Some artists want to go commercial, parlaying their creative perspectives into enviable careers as graphic designers, illustrators, 3D animators, and leaders for the country’s most innovative employers. Others focus their efforts on contributing to the larger public dialogue of current political and social justice issues.
And there is a whole range of artistic paths in between—photographers, makers, teachers, DIY filmmakers whose indie films get picked up by mainstream streaming services. There are people for whom art is a calling to be pursued regardless of the financial reward and for whom art is an entry into a community of passionate, like-minded practitioners.
What all these people share is a dedication to the work itself and expressing their creative voice.
You have it, as well. You have a story to tell—many stories, actually—about your life, your community, the world.
Your art is a conduit for telling your stories. Your quest for personal artistic growth is a journey of exploration.
Where does your work fit into the ongoing conversations of the art world and society at large? How does it challenge and change them? What new techniques and insights will help you refine your message and how you express it?
These are the questions that consume you. And you’re searching for an art college that will help you answer them — while raising new questions that will push your creativity in new directions.
Here is a four-step checklist that will guide you on your way to finding an art college where you’ll grow as an artist.
1. Decide who you are as an artist, and who you want to be
Before you can choose an art college that aligns with your artistic perspective, your goals and ambitions, you have to figure out what those are, which isn't easy. It requires deep introspection and honesty.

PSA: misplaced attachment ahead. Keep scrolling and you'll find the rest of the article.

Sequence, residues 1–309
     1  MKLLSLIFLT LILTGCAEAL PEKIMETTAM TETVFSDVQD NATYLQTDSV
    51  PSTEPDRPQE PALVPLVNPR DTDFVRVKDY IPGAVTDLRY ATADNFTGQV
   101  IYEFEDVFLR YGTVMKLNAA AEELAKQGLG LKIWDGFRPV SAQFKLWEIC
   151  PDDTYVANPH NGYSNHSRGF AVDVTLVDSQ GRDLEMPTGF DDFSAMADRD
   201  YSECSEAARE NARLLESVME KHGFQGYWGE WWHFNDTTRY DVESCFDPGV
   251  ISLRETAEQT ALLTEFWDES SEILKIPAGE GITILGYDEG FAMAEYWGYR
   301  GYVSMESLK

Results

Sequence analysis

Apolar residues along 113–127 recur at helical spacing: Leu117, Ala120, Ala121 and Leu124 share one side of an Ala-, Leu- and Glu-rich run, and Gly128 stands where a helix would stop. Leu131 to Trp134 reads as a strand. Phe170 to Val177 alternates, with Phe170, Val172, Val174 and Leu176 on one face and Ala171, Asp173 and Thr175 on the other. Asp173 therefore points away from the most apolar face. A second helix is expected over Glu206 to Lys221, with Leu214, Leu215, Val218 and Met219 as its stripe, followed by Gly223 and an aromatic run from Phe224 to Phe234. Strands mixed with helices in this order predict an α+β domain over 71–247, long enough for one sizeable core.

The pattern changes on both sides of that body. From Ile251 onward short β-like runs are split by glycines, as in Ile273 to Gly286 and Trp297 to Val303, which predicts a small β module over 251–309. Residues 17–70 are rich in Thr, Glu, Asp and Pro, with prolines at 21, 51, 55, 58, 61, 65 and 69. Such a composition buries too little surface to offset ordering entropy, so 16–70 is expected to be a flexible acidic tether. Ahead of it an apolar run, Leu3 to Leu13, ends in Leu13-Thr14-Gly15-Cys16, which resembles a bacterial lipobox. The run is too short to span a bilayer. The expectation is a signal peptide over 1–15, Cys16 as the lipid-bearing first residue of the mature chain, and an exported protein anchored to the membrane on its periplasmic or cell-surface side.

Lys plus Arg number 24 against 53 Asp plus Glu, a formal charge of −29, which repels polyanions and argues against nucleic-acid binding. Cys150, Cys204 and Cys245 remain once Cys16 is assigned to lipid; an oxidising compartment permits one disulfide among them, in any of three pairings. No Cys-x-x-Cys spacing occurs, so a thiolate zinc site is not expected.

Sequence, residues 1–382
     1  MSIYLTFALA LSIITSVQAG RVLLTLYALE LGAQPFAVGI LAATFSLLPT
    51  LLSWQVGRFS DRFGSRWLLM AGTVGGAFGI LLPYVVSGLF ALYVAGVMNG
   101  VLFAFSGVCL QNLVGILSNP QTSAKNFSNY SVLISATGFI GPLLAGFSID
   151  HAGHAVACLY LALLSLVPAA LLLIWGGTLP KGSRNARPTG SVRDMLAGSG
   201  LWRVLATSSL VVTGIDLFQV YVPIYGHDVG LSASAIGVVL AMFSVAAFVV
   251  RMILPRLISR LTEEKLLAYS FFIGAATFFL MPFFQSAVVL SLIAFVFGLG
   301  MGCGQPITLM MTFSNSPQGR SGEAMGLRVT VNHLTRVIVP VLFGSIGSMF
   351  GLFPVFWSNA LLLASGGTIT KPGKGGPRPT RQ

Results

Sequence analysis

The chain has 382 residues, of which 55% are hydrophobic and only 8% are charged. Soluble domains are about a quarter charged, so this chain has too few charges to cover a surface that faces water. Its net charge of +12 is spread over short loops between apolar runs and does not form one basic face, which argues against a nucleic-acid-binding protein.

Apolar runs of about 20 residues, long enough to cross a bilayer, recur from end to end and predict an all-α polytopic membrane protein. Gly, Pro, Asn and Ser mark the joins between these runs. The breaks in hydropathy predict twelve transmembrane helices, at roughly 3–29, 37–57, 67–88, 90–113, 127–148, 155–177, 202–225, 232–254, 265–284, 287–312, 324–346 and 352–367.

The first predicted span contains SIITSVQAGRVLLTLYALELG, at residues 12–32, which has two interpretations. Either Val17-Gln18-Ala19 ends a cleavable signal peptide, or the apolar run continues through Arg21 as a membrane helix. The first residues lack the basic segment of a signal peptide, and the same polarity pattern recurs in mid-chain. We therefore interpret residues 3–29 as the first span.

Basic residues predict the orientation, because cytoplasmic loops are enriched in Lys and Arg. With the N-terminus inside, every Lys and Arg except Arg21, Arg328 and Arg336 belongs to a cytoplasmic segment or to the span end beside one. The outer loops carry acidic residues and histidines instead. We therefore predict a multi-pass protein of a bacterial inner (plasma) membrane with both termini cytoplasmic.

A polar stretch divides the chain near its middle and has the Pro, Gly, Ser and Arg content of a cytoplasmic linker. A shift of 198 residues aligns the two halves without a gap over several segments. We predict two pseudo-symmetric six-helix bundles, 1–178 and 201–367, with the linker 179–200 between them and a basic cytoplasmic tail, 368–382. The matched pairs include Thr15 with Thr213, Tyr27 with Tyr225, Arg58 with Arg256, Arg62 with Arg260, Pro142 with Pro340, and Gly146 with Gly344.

Give yourself plenty of time and ask yourself:
- Why do you want to be an artist? What does art mean to you?
- How will you know if you are a “successful” artist? (And, how do you define “success” as an artist?)
- How do you want your art to interact with the world? How do you want the world to interact with your art?
- Are you drawn to one artistic medium in particular? Do you want to explore your options and perhaps take a multidisciplinary approach?
- What are you looking for in an artistic community?
Armed with the sincere reflection that answers these questions, you can start comparing how different art colleges measure up against them. Online student review sites like Niche.com are good sources of information. It’s also a great idea to chart out your self-discovery on a spreadsheet or jot them down in a notebook.
2. Start following schools on social media
You can find out a lot about a school’s ethos and campus life by the messages they put out on social media. To get the truest sense of what’s happening at a school right now, look for current students commenting about a school on Twitter or giving a glimpse of campus life in a Snapchat video, or following their recent artwork on Instagram.
This is also a good way to get clued into alumni and faculty accomplishments.
3. Check out opportunities for exhibiting work on campus
Preparing work for the public, showing it, and getting feedback is essential to the growth of any artist. As you search for your art college, focus especially on schools that offer ample opportunities to exhibit on campus.
At California College of the Arts, for example, the CCA Exhibitions program features more than 150 exhibitions, talks, and public programs each year, many with student participation. This is an integral part of the CCA curriculum, through which students gain skills in planning, preparing, and producing their art for the world.
4. Visit art colleges
There’s no substitute for actually visiting an art college yourself, getting a feel for the campus and the community, asking questions directly to faculty and students, and touring the galleries of student and faculty artwork.
(Well, a virtual tour might be a close second.)
If you’re serious about a particular art college, you might want to give yourself time to make multiple visits: first for the the “official” tour, again to get the candid opinion of current students, and maybe a third time to experience the city and the art community that surrounds the campus.